Rocky Mountain National Park - Twin Sisters Peaks from Twin Sisters Trailhead (#5)
Twin Sisters is a hike to a summit that will present you with outstanding views of the Longs Peak and the eastern plains. For those that want to go beyond valley loops and lesser peaks, this is a great beginner summit hike. Locals also use it for training / exercise. Topping out at 11,332, it’s below 13’er status, but with nearly 2,500 of elevation gain it’s still formidable mountain. As a bonus it’s outside of the park fee gates, so there is no pass needed and still accessible during federal shutdowns. There’s not a lot of scenic viewpoints along the way, so unless you’re prepared to go to the summit, other nearby hikes such as Lulu Mountain or Estes Cone are better options if you want less elevation gain.
Once past the official trailhead, you’ll make your way through a few miles of Lodgepole Pines. Walking through trees, there isn’t much to see. You’ll then encounter a break in the trees with a good view of Longs Peaks. Many people will stop and take pictures here. But just a little farther, and slightly downhill, is an even better break in the trees with a better view. Take your pictures here instead.
Soon after those views, you get to the massive landslide. In September 2013, a year’s worth of rain fell in just a few days. This caused massive flooding and landslides through the Colorado Front Range, including Rocky Mountain National Park. On Twin Sisters mountain, there were large debris flows (landslides) on both the east and west sides of the mountain. The trail crosses the west landslide. It’s a good place to take a rest and contemplate the power of nature. Grasses are now starting to take hold in the scar. In a decade or so, aspens will grow. It will take more decades for the lodgepole pines to return. Even a hundred years from now, the scar will still be noticable.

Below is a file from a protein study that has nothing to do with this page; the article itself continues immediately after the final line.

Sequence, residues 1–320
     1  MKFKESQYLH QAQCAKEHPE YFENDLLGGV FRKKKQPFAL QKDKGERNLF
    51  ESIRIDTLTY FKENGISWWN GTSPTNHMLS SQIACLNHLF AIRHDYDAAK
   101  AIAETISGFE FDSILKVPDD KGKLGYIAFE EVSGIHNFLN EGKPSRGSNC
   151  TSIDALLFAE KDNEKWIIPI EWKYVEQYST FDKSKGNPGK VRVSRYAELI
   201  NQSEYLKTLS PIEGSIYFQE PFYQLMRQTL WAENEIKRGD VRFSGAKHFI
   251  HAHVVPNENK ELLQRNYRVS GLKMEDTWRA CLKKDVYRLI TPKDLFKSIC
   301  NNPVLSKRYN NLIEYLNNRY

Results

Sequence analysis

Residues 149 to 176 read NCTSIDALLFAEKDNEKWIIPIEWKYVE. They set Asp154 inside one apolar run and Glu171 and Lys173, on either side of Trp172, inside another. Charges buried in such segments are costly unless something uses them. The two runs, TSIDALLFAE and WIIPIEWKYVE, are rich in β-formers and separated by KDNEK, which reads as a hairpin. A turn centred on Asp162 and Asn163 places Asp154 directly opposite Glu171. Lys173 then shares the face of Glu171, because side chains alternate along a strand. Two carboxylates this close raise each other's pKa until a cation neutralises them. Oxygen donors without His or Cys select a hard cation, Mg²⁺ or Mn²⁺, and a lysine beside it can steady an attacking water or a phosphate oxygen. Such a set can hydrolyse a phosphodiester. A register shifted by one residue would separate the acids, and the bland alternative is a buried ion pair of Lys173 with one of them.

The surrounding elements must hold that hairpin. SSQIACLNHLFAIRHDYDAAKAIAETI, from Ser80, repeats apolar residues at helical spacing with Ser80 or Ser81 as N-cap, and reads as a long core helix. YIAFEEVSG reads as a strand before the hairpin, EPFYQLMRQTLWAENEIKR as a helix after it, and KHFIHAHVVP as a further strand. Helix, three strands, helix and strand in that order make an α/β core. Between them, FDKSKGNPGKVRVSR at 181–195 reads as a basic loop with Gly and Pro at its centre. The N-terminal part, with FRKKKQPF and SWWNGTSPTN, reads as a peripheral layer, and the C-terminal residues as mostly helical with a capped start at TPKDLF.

Once across the landslide, you’ll encounter many steep switchbacks that touch the south end of the slide. Trail maps from before the flood will show the trail as an easier grade across the landslide debris. The new route stays to the south of the debris, and is steep. Because of this horses are no longer permitted on the trail. The new trail follows pieces of the old trail, and some new sections have been improved with rock steps.
Once past the slide area, the trail continues up. Take care to notice that the trees will slowly switch from tall lodgepole pines to limber pines and aspens. You’ll then know you’re close to treeline. Along the journey you’ll also see that views are now looking mainly north instead of west. You’ll then see a couple of big rock outcroppings, twisted pine, and southern views. Treeline is soon.
At treeline, you’ll make your way across the rockfield. The trail is pretty easy to follow but could be confusing at a couple of points. If it doesn’t look right, just stop and look around. Since you’re above treeline, it’s easy to get back on the trail again. You’ll have views of Longs Peak and Estes Park.
You’ll then approach a saddle. At the saddle, in front of you, there’s a nice view of the plains. Maybe you’ll have cell phone reception (this a rarity in the park). To the RIGHT, there will be a communications tower and shed, and a peak. This is not the true summit of Twin Sisters north. But many people still summit it. The true summit is to the LEFT. Getting to the summit requires some basic, low exposure, scrambling.
Once on the summit you have 360 views. The view of Longs Peak is extraordinary. You can likely spot many of the peaks in Rocky Mountain National Park. On clear days, you can see downtown Denver, Longmont, Loveland and Fort Collins.
You’re on the north twin peak. Getting to the south twin peak is harder and farther than it looks. There's no designated route and few people venture that way. The views are similar, but you’ll have the satisfaction of going where few go.
In the summer, when the gate is open you can park on the uphill side of the road, but this can fill quickly. In the winter and busy periods you’ll likely need to park down by Lilly Lake. Since Lilly Lake is frequented by tourists a parking space will likely open up quickly, and people are usually very friendly. Parking usually is not an issue.
Most children will find this trail very boring.
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